He ignores the fact, though I’ve mentioned several times, that with my hearing aids, my hearing is very sharp. He can speak quietly and I will be able to hear him. So long as our conversation is one to one, of course. If I am in a group situation, it is more challenging to hear.
I have noticed that male friends appear to find dealing with the reality of deafness something very difficult. Some will make an endless stream of jokes; others have eyes filled with pity.
A hearing aid stigma
These things, on the whole, have died down a little. After all, two years is a considerable time for that kind of attention. However, a little is not to say that any of it has stopped.
The funny thing is before my diagnosis my friends both male and female tended to ignore my hearing issues. Or else they would make a good-natured joke out of it and then it would be forgotten, until the next time.
Now, I’m viewed as different. Either someone to admire and cheer on or else the friend who’s deaf, poor creature.
All but one, view my disability as both a weakness and something of a liability, where social occasions are concerned, expecting me to impose problems on any venture suggested.
The majority seem to consider hearing aids as clever, yet in some way not nice. I can only assume that this stigma derives from hearing aids being inserted into the ear and its association with wax and such.
None of my friends has a clear understanding of the way hearing aids work and the particular challenges those with hearing loss face.
All but one are reluctant to speak on the subject. They act as though it is not something to be spoken of in polite society.
I also have serious problems with my eyesight and wear glasses, these are viewed as perfectly normal. Even though I have sight challenges, these are looked on as simply one of those things.
“I also have serious problems with my eyesight and wear glasses, these are viewed as perfectly normal.”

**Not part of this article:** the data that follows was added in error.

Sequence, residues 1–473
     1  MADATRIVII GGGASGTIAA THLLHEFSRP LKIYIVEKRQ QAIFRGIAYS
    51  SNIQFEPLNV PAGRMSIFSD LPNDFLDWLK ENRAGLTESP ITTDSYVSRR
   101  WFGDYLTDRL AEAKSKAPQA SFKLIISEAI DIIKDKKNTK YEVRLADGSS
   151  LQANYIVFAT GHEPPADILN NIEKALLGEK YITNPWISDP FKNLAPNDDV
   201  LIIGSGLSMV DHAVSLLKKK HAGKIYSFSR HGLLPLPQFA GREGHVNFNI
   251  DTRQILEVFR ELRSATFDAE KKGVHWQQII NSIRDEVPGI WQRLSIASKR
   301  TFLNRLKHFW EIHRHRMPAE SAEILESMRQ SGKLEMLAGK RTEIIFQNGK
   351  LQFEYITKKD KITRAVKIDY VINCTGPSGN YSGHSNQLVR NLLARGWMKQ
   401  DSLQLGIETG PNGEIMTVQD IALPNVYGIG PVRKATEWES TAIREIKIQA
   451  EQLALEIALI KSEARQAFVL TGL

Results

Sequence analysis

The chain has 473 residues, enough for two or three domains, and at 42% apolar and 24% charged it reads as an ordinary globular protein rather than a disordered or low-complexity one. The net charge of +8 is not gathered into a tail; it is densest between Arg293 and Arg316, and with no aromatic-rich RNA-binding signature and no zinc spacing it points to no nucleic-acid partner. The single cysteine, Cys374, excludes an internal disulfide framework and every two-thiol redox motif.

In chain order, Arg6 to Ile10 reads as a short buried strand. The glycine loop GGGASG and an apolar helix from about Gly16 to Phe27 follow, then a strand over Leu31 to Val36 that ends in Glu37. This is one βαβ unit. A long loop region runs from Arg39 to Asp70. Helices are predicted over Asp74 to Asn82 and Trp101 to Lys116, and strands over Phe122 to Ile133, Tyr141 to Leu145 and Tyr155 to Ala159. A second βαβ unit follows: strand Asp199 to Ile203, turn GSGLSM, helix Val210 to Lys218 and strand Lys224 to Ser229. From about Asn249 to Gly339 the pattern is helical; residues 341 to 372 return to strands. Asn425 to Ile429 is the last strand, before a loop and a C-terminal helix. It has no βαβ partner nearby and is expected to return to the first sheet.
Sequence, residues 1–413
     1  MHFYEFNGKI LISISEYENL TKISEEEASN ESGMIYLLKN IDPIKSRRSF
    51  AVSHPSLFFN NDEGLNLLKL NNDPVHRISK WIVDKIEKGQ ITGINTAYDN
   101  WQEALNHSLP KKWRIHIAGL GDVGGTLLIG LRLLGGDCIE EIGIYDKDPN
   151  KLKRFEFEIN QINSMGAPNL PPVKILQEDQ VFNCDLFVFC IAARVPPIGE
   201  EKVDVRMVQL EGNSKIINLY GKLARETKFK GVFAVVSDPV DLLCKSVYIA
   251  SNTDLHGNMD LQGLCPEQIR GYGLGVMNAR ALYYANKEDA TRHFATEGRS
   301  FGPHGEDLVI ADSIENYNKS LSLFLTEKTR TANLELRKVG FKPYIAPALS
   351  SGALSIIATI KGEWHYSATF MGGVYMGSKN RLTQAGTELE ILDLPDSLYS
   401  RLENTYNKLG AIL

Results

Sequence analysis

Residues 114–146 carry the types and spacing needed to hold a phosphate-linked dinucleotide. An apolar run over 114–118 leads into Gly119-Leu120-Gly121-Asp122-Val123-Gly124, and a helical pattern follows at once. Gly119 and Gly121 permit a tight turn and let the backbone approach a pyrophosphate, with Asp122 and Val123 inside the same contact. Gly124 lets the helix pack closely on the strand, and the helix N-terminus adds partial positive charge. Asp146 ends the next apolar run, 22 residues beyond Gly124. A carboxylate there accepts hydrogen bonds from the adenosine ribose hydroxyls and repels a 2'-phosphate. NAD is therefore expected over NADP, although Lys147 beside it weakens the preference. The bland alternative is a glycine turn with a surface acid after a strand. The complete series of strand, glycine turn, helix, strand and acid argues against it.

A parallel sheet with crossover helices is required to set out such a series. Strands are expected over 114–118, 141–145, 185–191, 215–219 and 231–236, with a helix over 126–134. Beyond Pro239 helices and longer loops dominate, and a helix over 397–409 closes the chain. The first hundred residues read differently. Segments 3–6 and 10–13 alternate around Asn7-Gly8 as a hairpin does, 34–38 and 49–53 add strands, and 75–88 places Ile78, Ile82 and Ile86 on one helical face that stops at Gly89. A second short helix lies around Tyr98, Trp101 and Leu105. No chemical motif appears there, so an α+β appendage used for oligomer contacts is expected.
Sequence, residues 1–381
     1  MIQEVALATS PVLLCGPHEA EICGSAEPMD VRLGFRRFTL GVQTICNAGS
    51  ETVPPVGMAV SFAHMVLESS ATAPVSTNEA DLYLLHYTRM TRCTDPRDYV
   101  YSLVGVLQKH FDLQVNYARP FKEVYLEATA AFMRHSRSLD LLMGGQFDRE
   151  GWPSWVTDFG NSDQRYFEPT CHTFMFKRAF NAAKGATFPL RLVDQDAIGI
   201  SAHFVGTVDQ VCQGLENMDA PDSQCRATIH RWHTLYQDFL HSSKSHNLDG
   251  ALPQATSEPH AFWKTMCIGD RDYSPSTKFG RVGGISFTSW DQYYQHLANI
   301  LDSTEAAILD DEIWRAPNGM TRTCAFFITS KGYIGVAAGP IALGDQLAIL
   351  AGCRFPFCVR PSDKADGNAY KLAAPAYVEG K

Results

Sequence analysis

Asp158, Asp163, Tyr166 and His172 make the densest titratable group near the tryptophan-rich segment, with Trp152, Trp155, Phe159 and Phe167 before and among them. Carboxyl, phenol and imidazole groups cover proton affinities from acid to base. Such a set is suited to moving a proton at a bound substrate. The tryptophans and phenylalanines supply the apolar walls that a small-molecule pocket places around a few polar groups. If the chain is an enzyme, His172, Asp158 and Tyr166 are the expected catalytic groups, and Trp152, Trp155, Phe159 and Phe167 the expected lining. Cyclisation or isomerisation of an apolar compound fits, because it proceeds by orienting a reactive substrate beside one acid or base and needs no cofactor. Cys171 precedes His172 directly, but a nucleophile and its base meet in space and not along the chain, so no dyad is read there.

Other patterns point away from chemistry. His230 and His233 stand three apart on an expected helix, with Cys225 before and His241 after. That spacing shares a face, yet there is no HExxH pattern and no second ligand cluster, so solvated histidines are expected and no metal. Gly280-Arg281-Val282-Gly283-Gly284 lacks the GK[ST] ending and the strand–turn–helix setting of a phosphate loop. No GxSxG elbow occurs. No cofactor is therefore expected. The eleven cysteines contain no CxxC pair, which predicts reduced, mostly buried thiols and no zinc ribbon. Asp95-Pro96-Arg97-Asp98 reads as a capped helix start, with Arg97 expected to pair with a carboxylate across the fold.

I remember attending school in the late sixties and early to late seventies, how kids with glasses were picked on, because they were deemed different.
The same was true of those poor children wearing braces, they always had a miserable time. Now, of course wearing braces is seen as normal and kids all want designer glasses.
With time I imagine hearing aids will become accepted. In the meantime, I’m doing my bit to champion the cause. I think it’s vital that those of us with hearing loss help educate the hearing masses.
How did your friends react when they found out about your hearing loss? Let us know in the comments.
As a writer, Philip has written for magazines, both print as well as electronic, for the stage and BBC Radio and for numerous websites.
Originally coming from an entertainment background, having been an actor, musician, comedian, magician, director and producer, he understands both the light and shade of the human condition.
Growing up the son of an infamous father also gave him insights, which he has channelled into the Harry Royle Books. Researching and writing these books has given Philip not only more of an insight into his own father’s life and times but has also brought a deeper understanding of his own father-son relationship.
Soon to be published
A Mission Too Far - Book 3 in The Harry Royle Trilogy.
Philip is currently working on A Mission Too Far, which will be the concluding book in The Harry Royle Trilogy, as well as a second volume of short stories, Hobbsley's Secrets. Both books are coming Autumn 2017.
He is also a Neuro-Linguistic (NLP) Practitioner and a Holistic Life Coach and Shamanic Therapist at Good Vibes Holistic Therapies.
He lives on The North Yorkshire Coast with his Wife Raine and their three weird and wonderful children.
Latest posts by PR Hilton (see all)
- Tips for using public transportation with hearing loss - December 14, 2018
- 5 Tips for Adjusting to New Hearing Aids at Work - November 14, 2018
- When bullying isn’t just a teenage problem - November 1, 2018